Most attempts to improve lithium-ion batteries involve changes in the chemistry or components of a cell. But you can also work wonders on the larger scale of the battery pack—the array of cells that power big machines, like electric cars.
That’s the tack taken by Cadenza Innovation, a Connecticut firm started up by Christina Lampe-Onnerud, a Swedish battery maven we profiled back when electric automobiles were just getting going (“The Lady and the Li-ion,” March 2008). And because the strategy, which she calls a supercell architecture, allows for the packaging of different cell shapes and sizes, it means serving existing battery companies rather than supplanting them.
She declines to reveal which manufacturers Cadenza is negotiating with.
Lampe-Onnerud’s earlier initiatives centered on the cell itself, but that required her to play the sharp-elbowed game of mass manufacturing. That game is far harder to get into now that megacorporations have started building battery gigafactories.
“We simplify the architecture and manufacture of the batteries, eliminating quite a few parts,” she says. “That means there are more energy-carrying components and fewer surrounding components.” You can get from 30 to 100 percent more watt-hours per kilogram of battery pack, depending on the kind of cell being used and the number of cells in the array.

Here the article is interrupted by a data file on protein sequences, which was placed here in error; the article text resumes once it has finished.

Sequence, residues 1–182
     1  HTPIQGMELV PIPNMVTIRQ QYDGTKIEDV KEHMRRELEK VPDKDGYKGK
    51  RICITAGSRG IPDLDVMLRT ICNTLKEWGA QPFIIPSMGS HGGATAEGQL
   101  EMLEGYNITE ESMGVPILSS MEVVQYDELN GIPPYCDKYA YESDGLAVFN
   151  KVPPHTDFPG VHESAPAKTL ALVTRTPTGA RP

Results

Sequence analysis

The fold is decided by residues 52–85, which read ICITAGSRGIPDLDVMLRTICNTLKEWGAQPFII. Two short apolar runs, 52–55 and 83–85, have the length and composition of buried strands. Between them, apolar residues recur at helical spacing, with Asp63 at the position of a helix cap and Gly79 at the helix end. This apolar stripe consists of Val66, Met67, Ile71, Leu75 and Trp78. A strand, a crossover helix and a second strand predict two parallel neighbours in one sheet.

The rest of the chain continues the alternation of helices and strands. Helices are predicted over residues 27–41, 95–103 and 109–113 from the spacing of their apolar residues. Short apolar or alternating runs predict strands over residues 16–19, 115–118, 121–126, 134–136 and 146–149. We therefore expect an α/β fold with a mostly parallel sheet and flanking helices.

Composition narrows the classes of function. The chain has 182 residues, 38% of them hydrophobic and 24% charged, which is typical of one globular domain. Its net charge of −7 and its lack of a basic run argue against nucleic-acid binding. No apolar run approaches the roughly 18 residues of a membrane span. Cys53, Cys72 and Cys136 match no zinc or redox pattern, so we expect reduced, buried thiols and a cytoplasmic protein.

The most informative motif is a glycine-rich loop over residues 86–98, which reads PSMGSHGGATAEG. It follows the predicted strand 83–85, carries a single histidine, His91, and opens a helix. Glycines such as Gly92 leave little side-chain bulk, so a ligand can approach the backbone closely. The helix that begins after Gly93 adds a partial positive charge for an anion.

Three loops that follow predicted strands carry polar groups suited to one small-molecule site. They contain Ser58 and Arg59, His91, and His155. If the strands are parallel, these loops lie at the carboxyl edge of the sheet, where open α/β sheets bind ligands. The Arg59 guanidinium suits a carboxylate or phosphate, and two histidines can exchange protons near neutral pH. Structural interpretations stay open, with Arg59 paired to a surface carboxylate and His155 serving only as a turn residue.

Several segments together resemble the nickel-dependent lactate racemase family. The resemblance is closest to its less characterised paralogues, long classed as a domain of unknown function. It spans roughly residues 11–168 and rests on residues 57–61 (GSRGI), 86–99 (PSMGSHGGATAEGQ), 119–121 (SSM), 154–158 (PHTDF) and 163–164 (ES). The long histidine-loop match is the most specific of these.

Exploded view of the supercell architectureImage: Cadenza Innovation
Besides increasing energy density, the idea also cuts cost. One electrical connector can yoke together 20 or 30 cells, for instance. And, by offering a way to keep the familiar “jelly roll” cylindrical cells separate from one another, in a heat-resistance plastic frame resembling an egg crate, Cadenza makes it safer to be around all that close-packed energy.
This heat-resistant, egg-crate structure separates the “jelly roll’’ form of lithium-ion cellsPhoto: Cadenza Innovation
Other safety devices enter the mix as well, like a vent, a pressure dome, and a mechanical means of connecting and disconnecting cells. Of course, the tradeoff of energy density and safety goes in both directions: A customer can choose to pack even more cells into a battery while maintaining existing safety standards.
“You can say we’re packaging 20 years’ worth of best practice into a Lego block,” she laughs. “And it’s coming out when one of the best performaners, Samsung, overstepped what it should have done with its Galaxy phone.”